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COLORADO SPRINGS, Colo.
U.S. Sen. Mark Udall said he's guardedly optimistic about saving space-related jobs in Colorado after speaking with NASA officials on Monday, despite cancellation of a major space program.
Udall and U.S. Sen. Michael Bennet, both Colorado Democrats, met with NASA Administrator Charlie Bolden to discuss the impact on Colorado of President Barack Obama's decision this year to cancel the $100 billion Constellation program, intended to return humans to the moon.
Gov. Bill Ritter also wrote to Obama urging him to reverse course and consider the economic impact of the cut.
Lockheed Martin Space Systems in Jefferson County outside Denver is developing the crew capsule for Constellation. Canceling that component would directly lead to the loss of 1,000 jobs, Udall said. Some estimates say another 3,000 related jobs would also be lost.
Udall, speaking by phone with reporters at the National Space Symposium in Colorado Springs, said he was encouraged that Bolden told him NASA is still committed to human space flight.
It's not clear what type of program Obama envisions to replace the space shuttle fleet, which is being retired. He's expected to address that on Thursday.
Udall said his plan is to keep the pressure on Obama "but not light my hair on fire."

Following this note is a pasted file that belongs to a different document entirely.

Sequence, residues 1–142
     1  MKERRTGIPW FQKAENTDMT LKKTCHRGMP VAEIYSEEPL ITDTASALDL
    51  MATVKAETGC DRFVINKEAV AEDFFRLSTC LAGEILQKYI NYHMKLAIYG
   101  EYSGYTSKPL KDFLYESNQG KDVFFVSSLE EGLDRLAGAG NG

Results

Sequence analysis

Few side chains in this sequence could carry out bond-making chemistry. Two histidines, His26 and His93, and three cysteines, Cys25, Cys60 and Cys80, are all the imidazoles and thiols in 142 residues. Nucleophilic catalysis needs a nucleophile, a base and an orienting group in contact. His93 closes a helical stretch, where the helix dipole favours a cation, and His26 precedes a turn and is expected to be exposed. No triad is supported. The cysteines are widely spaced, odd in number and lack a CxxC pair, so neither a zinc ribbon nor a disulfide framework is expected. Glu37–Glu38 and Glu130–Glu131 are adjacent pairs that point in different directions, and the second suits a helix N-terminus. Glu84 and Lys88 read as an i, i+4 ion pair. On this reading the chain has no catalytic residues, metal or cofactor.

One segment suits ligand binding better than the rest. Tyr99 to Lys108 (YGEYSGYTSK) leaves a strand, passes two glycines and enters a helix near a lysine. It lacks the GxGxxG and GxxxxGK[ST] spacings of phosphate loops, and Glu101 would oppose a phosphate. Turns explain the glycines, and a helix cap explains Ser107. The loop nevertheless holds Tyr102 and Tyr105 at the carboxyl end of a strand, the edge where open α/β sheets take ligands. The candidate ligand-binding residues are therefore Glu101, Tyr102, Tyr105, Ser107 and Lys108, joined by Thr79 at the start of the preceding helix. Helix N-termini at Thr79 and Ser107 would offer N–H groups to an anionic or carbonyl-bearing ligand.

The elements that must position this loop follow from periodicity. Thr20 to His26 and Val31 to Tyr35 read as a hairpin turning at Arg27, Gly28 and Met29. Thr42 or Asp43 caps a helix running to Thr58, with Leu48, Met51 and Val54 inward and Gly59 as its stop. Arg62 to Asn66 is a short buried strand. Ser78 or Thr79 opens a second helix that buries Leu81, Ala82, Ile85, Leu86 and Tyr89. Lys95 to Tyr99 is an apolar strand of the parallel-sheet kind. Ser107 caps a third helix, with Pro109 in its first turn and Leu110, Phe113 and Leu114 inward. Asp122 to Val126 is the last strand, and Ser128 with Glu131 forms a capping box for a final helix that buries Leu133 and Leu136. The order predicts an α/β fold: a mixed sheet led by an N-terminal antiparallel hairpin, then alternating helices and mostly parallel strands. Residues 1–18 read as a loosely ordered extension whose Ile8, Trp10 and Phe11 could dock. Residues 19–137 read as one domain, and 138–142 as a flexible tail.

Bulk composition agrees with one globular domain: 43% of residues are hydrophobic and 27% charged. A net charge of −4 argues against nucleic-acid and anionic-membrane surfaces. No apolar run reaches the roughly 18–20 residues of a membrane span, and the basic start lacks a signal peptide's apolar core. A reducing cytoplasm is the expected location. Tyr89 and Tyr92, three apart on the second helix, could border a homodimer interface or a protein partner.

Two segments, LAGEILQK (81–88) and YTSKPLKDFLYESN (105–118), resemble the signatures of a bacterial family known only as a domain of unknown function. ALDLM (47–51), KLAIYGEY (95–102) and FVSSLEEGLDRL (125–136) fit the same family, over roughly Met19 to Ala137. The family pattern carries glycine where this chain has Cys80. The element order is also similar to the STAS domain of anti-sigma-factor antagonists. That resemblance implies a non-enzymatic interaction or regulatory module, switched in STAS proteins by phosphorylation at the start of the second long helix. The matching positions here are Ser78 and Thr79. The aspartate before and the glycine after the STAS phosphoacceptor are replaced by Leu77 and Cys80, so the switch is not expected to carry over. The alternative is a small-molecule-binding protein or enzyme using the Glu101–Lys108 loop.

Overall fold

Udall said canceling Constellation didn't make sense, but he conceded Congress hasn't provided enough money for it.
"I'm looking to develop a long-term strategy," he said.
NASA has already spent $9.1 billion on Constellation. The Obama administration has said the program would have used old technology to visit places astronauts had already been.
It included construction of two new rockets to carry the crew capsule, and they were also canceled.
NASA and the White House have said the space agency would spend money on new rocket technology, including in-orbit fueling, that could be used to send astronauts to a nearby asteroid, to the moon or the Martian moons.
The Denver Post reported that other states at risk of losing NASA-related jobs, including Texas and Florida, have sent delegations to Washington to lobby to protect their jobs.
Ritter spokesman Evan Dreyer said Colorado has been working with the White House, its congressional delegation and Lockheed Martin to try to protect the jobs. However, he said the state hasn't hired a lobbyist to work on this issue on Capitol Hill.
He said other states may have taken a different strategy because, unlike Colorado, they have NASA regional centers.
"We will fight extremely hard to protect every single one of those jobs," Dreyer said.
At a forum with state lawmakers on Monday, Rep. Frank McNulty, R-Highlands Ranch -- who represents many of the people whose jobs are at risk -- questioned whether Colorado has done all it can.
That angered U.S. Rep. Ed Perlmutter, D-Colo., who said Colorado's delegation has been working hard to protect them and that the fight isn't over yet. Republican Reps. Mike Coffman and Doug Lamborn wrote the first letter urging the administration to back off the cuts, he said.
"We're hunkered down," Perlmutter said.
Associated Press Writer Colleen Slevin contributed to this story from Denver.